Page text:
Another US political candidate is advocating the use of Bitcoin. Instead of just accepting the crypto-currency for donations, this candidate has taken it one step further.
Alex Fidel is running for mayor in the city of Encinitas, California, a suburb of San Diego famous for its surf culture and the YMCA skate park.
He’s looking to put Encinitas on the map for another reason than sunny climes, beautiful people, beach-town vibes, and so on. He wants the Southern California coastal town to be a Bitcoin safehaven from what he terms the “conjoined twins of the Federal Reserve and the IRS.”
One of the 22-year old candidate’s main talking points is the nullification of legal tender laws by elevating the importance of the US Constitution’s Tenth Amendment.
“I would nullify legal tender laws and money exchange laws to allow individuals to engage in the currency of their choosing, whether it be gold, silver, copper, Bitcoin, voluntary exchange, or even the devaluing Federal Reserve Note dollar system for those that wish to stick with the pyramid scheme,” the candidate wrote on his Facebook page.
On a recent appearance on The Our Very Own Special Show Podcast, the candidate proposed that the income tax apply only to the US Dollar, absolving bitcoin, precious metals and other alternative currency users of paying the income tax. (That part starts at 58 minutes)
“…The Fed and IRS were both created in 1913 as one entity. The income tax should only apply to Federal Reserve Notes, so if you’re a major corporation using Federal Reserve Notes, it’s probably because you’re connected to the banks. It will be mostly small business that stop using the corporate-fascist medium. Exempting alternative currencies from the income tax would be good for employment, and the dollar would lose value. People would only have to report taxes if they use the federal reserve note.”
That’s a lot of upheaval. So what does this all mean?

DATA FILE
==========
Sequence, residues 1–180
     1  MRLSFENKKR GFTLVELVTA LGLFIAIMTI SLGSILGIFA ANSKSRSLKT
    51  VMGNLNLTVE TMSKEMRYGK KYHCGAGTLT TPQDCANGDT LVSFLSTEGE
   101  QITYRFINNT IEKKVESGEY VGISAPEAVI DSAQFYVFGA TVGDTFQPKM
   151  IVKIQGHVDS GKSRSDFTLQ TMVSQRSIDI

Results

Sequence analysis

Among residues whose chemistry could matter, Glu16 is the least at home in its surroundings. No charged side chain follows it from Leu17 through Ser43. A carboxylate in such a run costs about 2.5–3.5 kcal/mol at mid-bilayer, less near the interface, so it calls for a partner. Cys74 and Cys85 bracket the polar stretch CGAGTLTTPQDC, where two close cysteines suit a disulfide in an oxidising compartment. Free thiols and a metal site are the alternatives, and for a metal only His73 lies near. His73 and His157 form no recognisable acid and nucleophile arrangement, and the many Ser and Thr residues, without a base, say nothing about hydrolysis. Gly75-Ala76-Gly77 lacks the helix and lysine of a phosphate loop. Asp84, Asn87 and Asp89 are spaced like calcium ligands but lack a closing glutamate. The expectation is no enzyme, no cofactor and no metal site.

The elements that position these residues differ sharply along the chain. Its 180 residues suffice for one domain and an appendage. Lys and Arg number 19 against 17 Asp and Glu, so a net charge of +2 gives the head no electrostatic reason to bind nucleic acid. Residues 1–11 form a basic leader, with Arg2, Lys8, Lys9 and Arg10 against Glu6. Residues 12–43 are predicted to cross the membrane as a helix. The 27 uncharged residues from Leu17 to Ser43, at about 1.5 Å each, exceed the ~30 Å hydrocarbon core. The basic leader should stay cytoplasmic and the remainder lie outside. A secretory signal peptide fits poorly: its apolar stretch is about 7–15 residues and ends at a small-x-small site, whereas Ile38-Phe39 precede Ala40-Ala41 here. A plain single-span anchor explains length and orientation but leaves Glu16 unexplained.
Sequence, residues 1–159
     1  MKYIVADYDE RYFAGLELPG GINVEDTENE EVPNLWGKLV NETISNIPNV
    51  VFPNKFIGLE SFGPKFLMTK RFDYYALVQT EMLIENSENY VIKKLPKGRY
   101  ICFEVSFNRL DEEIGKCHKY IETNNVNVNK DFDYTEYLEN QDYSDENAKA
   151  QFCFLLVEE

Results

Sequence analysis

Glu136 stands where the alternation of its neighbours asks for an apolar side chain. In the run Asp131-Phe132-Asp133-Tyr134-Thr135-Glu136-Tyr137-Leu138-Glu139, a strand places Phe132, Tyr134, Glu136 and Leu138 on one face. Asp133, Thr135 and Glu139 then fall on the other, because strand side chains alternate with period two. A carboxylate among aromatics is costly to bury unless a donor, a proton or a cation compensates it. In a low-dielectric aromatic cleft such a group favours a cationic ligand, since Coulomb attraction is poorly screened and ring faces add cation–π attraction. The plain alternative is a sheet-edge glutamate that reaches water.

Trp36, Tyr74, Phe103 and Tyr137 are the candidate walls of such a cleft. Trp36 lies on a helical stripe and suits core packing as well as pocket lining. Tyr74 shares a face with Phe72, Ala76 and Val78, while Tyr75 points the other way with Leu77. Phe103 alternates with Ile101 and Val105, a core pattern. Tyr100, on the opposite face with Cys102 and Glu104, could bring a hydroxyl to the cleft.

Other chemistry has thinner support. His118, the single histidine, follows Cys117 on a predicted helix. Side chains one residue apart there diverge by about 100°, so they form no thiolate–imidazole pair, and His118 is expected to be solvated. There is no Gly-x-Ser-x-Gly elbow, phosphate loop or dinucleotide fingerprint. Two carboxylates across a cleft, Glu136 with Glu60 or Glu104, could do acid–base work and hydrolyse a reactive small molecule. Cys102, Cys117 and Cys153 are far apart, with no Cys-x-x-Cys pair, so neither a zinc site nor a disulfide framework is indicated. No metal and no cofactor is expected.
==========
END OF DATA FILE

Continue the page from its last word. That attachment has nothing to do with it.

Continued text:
“You wouldn’t be a slave to the dollar system,” the candidate says.
Bitcoin and politics might not be two things you consider to go together very well. But in the US they are two things that have been going together increasingly since Bitcoin became a thing in 2008.
The crypto-currency’s use in government all started when E-Gov Link made it possible for local governments to accept bitcoin payments for tickets, fines and other city administration.
The link between politics (or anti-politics) and Bitcoin has only grown more obvious.
The road was paved in May thanks to a unanimous vote by the Federal Election Commission to make it legal for bitcoin donations to be donated for political campaigns. Donations are capped at $100 per person, per cycle.
Alex Fidel isn’t the first candidate to accept bitcoins, even if he is the first to suggest bitcoiners pay no taxes, which is quite contrary to what Ben Lawsky wants to do in New York with proposed “BitLicenses.”
Introduced to Bitcoin four years ago while working in tech, Andrew Hemingway is now a Republican candidate for governor in New Hampshire. He is the first candidate for governor in New Hampshire history to accept bitcoin donations.
What might this added Bitcoin dimension bring to US elections at the city, state and federal levels?
“The use is as much for candidates to show they favor technology,” Jim Harper, global policy counsel for the Bitcoin Foundation, said. “The Bitcoin demographic is younger, more tech-oriented, probably more male-heavy.”
Whether or not Bitcoin plays a major role in future democratic elections has yet to be seen. Of course, the Bitcoiners are planning on this being the case.